SpaceX delivers ice cream to astronauts at International Space Station

SpaceX Dragon capsule carries 882 pounds of crew supplies

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It's Dessert Night on the International Space Station Thursday night after astronauts unpacked a shipment of ice cream from the newly arrived Dragon capsule, Local 6 news partner Florida Today reports.

"It's quite a treat," said Suni Williams, a NASA astronaut. "We don't usually have this kind of stuff up here. It's usually thermo-stabilized or de-hydrated that we're hydrating, so homemade ice cream is something special, and we're going to have a little party."

SpaceX's Dragon capsule arrived Wednesday morning on the first official resupply mission by a private contractor, carrying 882 pounds of crew supplies, hardware and science equipment.

Japanese astronaut Aki "Golden Hands" Hoshide, as Williams called her Expedition 33 colleague, snared the Dragon with a robotic arm, and Williams berthed it to a docking port.

The three-person crew, which also includes Russian cosmonaut Yuri Malenchenko, swung open the hatch at 1:40 p.m. Wednesday.

She congratulated SpaceX and NASA on starting "a whole generation of commercial spacecraft coming up here for resupply," noting the Dragon's unique capability to return large amounts of cargo to Earth.

"This vehicle right here has a freezer which we're all anticipating and excited about going in to see what's in there that came up here," she joked about the ice cream. "But more importantly, it's going to be bringing back samples that have been taken over the past couple of years of people living up here, and that's really important for the advancement of spaceflight," she said.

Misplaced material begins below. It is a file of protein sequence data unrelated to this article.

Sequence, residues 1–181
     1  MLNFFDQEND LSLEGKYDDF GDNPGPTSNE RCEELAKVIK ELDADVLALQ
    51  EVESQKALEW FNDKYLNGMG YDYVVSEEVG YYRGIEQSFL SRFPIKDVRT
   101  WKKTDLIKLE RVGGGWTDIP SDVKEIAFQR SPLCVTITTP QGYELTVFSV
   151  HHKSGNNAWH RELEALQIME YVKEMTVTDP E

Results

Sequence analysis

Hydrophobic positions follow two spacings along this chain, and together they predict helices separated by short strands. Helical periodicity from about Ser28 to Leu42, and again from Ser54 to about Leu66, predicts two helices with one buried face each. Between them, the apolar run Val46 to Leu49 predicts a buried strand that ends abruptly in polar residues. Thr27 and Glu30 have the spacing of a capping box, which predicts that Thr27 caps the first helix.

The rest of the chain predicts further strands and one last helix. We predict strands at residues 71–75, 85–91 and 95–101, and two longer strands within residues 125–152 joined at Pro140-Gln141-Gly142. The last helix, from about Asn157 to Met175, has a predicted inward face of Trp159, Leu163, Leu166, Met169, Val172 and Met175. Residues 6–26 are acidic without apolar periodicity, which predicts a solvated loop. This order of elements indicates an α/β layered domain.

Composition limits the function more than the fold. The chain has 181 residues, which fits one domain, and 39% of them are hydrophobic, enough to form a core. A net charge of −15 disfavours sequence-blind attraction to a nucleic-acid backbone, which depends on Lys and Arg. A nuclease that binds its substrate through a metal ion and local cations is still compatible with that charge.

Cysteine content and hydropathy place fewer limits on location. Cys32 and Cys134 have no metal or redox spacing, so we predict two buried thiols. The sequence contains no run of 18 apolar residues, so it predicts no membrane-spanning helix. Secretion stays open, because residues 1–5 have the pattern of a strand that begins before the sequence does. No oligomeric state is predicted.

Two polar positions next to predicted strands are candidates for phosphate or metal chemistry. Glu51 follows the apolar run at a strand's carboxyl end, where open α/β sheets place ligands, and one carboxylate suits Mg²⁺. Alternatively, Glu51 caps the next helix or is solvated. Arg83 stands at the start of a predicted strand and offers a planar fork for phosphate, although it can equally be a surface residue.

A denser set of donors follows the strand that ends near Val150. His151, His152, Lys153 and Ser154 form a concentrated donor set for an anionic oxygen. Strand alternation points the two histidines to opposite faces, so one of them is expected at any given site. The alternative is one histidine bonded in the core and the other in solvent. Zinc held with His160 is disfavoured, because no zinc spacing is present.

The Dragon will return hundreds of blood and urine samples taken by station crew members that scientists will analyze to learn more about the effects of living in microgravity. They haven't had a ride home since the shuttle's retirement.

That's the real purpose of the freezer called a GLACIER that brought up the ice cream.

The vanilla with chocolate swirl Blue Bell Sundae Ice Cream Cups come from a dairy popular among the astronaut corps in Houston, according to Robert Pearlman of

Williams floated one of the blue-capped cups in front of her during an interview today.

"We just unpacked it this afternoon, so we put it in our refrigerator here waiting to have it tonight," she said.

And she revealed her favorite ice cream flavor: "Good, old-fashioned vanilla is my favorite, because then you can add things to it," she said.

The Dragon is expected to remain berthed at the station until Oct. 28. Three more crew members including, American Kevin Ford, are due to arrive Oct. 25.

Williams' crew is due to depart Nov. 12. NASA is assessing whether to ask her to perform a spacewalk to repair station equipment before she leaves.

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